The end of the Odebrecht era

. Jun 18, 2019
Aquapolo - Odebrecht Ambiental - São Paulo - SP

On Monday, June 17, 2019, the 48,000 employees working at the Odebrecht group received a memo in their inboxes. It said the parent company was filing for court-supervised reorganization, one step before bankruptcy. The document also explained the size of the group’s debts, roughly BRL 98 billion—which makes this the biggest administration case in Brazilian history. The text, signed by CEO Luciano Guidolin, tries to keep spirits high, saying the companies will continue to “perform their duties normally.”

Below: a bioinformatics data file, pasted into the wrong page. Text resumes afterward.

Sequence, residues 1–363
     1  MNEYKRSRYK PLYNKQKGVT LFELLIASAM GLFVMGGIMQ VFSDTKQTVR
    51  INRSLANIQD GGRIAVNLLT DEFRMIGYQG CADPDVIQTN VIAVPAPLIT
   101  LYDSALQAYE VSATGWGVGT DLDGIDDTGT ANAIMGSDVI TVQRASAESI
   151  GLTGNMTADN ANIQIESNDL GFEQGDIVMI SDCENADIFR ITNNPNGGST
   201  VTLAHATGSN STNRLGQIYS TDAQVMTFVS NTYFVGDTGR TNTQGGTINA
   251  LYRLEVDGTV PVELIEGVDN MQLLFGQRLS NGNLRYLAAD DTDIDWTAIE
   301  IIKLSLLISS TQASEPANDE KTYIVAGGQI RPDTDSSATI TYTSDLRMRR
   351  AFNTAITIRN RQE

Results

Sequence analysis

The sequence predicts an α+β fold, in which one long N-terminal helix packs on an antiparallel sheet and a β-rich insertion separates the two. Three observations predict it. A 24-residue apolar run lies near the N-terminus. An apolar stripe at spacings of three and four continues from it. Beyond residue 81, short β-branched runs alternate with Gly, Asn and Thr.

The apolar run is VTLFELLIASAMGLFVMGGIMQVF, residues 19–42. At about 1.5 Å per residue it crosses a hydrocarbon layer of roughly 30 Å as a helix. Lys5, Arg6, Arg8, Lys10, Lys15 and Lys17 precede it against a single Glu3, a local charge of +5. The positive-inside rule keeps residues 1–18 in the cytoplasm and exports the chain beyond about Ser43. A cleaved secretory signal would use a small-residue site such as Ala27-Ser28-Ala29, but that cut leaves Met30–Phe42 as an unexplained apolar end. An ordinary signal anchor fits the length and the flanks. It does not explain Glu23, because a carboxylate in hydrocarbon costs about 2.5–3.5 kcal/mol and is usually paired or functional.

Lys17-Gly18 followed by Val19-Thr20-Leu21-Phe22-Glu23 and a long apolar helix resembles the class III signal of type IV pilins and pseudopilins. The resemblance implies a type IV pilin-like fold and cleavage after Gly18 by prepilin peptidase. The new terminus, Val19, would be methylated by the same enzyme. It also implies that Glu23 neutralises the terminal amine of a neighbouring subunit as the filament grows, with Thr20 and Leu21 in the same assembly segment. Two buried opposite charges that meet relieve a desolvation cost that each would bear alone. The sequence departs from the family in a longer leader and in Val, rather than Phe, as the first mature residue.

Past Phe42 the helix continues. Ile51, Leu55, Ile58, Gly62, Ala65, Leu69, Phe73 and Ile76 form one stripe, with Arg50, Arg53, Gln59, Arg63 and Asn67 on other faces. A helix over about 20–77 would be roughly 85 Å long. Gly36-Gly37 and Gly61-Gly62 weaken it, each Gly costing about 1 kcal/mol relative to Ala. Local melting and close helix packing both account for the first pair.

But nothing is normal about Odebrecht anymore.